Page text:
# Writing an equals method - how hard can it be?

2018-01-21

If you’ve ever had to write or test an `equals` method, you may have gotten a feel for how complex this can get. This post will explain a number of things that can go wrong, offer solutions, and explain how a library called EqualsVerifier can help you prevent unexpected behavior regarding object equality testing.

## Why override the default `equals` method anyway?

By default, every Java object has an `equals(Object o)` method which is inherited from the `Object` class. The implementation of this `equals` method compares objects using their memory locations, meaning that two objects are only considered equal if they actually point to the exact same memory location and are thus really one and the same object.

``````@Test
public void test() {
Object object1 = new Object();
Object sameObject = object1;
Object object2 = new Object();

assertTrue(object1.equals(sameObject)); // this succeeds
assertTrue(object1.equals(object2)); // this fails
}
``````

If you want to define equality in such a way that two objects can be considered equal even if they don’t point to the exact same memory location, you will need a custom `equals` implementation.

## The requirements for a good `equals` method

• Reflexivity: every object is equal to itself
• Symmetry: if a is equal to b, then b is also equal to a
• Transitivity: if a is equal to b and b is equal to c, then a is also equal to c
• Consistency: if a is equal to b right now, then a is always equal to b as long as none of their state that is used in the `equals` method has been modified
• Non-nullity: an actual object is never equal to `null`

## Introducing the `Point` class

The `Point` class is the class we will be using as an example throughout this post. It is a simple class representing a point on a two-dimensional grid by means of an x coordinate and a y coordinate.

``````public class Point {
private int x;
private int y;

public Point(int x, int y) {
this.x = x;
this.y = y;
}

// getters and setters for x and y here
}
``````

We want to consider two `Point` objects to be equal if and only if they have the same x coordinate and the same y coordinate. Therefore, we will attempt to write an equals method that accomplishes this.

## The journey to a “perfect” `equals` method

### Attempt #1

Well, our class is simple, so let’s write a simple `equals` method. We add this method to our `Point` class:

``````public boolean equals(Point other) {
return (this.x == other.x && this.y == other.y);
}
``````

Seems simple enough. Now, let’s test our `equals` method:

``````@Test
public void test() {
Point point1 = new Point(1, 1);
Point point2 = new Point(1, 1);
List<Point> points = Arrays.asList(point1);

assertTrue(point1.equals(point2)); // this succeeds
assertTrue(points.contains(point2)); // this fails
}
``````

What happened? Even though the `List` internally calls `equals` to check equality, it somehow doesn’t consider `point1` and `point2` to be equal.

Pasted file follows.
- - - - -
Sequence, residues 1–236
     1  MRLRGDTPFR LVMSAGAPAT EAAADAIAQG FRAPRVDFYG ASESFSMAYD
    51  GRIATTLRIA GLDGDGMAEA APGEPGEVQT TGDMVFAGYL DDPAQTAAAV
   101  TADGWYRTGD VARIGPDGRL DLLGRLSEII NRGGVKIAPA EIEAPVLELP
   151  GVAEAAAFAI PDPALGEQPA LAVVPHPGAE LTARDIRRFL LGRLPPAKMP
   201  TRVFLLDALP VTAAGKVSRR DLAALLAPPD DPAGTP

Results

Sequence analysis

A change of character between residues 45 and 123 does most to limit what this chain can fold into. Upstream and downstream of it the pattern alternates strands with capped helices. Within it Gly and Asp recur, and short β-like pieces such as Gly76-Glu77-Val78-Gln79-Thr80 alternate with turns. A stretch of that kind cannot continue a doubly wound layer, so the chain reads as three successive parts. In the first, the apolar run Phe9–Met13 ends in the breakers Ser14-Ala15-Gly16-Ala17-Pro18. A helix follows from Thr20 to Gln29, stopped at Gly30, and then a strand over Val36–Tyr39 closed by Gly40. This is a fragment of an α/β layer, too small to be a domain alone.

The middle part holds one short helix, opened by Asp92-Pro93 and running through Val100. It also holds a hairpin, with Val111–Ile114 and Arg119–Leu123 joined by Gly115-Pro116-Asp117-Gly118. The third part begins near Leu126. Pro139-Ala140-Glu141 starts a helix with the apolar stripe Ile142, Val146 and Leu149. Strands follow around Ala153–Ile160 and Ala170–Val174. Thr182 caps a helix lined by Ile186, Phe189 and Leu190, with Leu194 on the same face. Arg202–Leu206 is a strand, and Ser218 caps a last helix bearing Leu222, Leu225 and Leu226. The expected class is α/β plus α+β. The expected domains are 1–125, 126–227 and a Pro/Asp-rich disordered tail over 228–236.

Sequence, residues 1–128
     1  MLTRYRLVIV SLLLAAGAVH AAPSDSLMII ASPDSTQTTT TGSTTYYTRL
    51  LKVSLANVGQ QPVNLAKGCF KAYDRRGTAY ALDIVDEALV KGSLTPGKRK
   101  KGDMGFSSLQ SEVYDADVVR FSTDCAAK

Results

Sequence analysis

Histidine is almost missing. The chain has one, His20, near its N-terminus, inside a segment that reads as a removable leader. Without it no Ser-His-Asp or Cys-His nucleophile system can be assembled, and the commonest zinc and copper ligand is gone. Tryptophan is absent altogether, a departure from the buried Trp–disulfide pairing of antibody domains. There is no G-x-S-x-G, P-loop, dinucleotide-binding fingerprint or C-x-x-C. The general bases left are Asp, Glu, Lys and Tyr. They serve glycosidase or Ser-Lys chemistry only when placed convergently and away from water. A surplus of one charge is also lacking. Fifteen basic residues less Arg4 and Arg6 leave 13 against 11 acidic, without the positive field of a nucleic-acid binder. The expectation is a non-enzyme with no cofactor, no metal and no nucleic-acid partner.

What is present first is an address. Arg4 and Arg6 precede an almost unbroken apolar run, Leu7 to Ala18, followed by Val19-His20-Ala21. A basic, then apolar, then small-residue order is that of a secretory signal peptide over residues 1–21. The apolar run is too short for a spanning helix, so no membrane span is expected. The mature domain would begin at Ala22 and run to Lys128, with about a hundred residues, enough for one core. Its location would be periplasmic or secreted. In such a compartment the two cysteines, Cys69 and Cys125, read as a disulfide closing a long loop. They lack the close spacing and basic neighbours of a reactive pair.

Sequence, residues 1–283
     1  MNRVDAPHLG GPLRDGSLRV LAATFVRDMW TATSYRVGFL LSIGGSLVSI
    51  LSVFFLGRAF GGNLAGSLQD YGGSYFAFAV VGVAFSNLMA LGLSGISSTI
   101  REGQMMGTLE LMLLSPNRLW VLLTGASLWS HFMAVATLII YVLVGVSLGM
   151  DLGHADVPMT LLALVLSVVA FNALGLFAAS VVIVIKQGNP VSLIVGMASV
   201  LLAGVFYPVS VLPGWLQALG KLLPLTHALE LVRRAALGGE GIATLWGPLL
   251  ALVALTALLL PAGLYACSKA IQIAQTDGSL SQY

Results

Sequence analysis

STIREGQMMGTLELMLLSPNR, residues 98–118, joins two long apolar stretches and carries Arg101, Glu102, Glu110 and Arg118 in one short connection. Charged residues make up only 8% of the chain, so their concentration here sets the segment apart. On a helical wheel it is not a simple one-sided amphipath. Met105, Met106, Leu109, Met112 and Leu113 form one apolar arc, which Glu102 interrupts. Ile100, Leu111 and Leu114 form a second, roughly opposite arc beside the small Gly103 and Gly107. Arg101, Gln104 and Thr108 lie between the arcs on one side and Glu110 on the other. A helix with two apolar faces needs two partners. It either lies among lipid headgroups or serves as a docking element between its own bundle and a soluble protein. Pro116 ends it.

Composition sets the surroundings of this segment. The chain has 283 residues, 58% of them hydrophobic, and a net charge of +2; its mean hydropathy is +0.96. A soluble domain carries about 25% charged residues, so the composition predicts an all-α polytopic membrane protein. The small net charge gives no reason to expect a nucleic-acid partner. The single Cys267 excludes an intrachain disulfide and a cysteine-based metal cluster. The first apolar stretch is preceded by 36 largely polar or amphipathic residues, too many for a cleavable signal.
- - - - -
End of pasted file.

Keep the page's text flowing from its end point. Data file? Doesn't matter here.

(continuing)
One important thing to note is that the `contains` method takes an `Object` as its argument, which means that `point2` is passed as an `Object`. The following test shows that our current `equals` method doesn’t handle this very well.

``````@Test
public void test() {
Point point1 = new Point(1, 1);
Object pointObject = new Point(1, 1);

assertTrue(point1.equals(pointObject)); // this fails
assertTrue(pointObject.equals(point1)); // also fails
}
``````

When calling methods, Java determines the exact method to call in a way that can be confusing at first. There are basically two steps:

1. At compile time, the number and compile-time types of the arguments are used to determine the exact signature of the method that will be invoked.
2. At runtime, if the method to be invoked is an instance method, the actual method to invoke will be determined using dynamic method lookup based on the actual run time type of the object and the structure of the inheritance hierarchy.

In the code above, we have two classes: `Object`, which has a method `equals(Object)`, and the class `Point`, which has a method `equals(Point)` and also inherits the `equals(Object)` method from `Object`. What happens in the code is the following:

• In the first assertion, we are calling a method with signature `equals(Object)` on an object with compile-time type `Point`. As `Point` does not implement a method with that signature, the best match is the `equals(Object)` method inherited from `Object`.
• In the second assertion, we are calling a method with signature `equals(Point)` on an object with compile-time type `Object`. As `Object` does not have an `equals(Point)` method, the best match at compile time is its `equals(Object)` method. And, beause `Point` (the run-time type of `pointObject`) does not override that method, the actual implementation that gets called is still the one defined in `Object`.

In both cases, `Object`’s `equals(Object o)` method tells us that `point1` and `pointObject` are not equal because they do not point to the exact same memory location.

### Attempt #2: actually overriding the default `equals(Object o)` method

Ok, so let’s properly override `Object`’s `equals(Object)` method:

``````@Override
public boolean equals(Object o) {
if (o == null || o.getClass() != this.getClass()) {
return false;
}

Point other = (Point) o;
return (this.x == other.x && this.y == other.y);
}
``````

Our tests from the previous attempt will now succeed. However, a new issue arises:

``````@Test
public void test() {
Point point1 = new Point(1, 1);
Point point2 = new Point(1, 1);
Set<Point> points = new HashSet<Point>();

assertTrue(points.contains(point2)); // this fails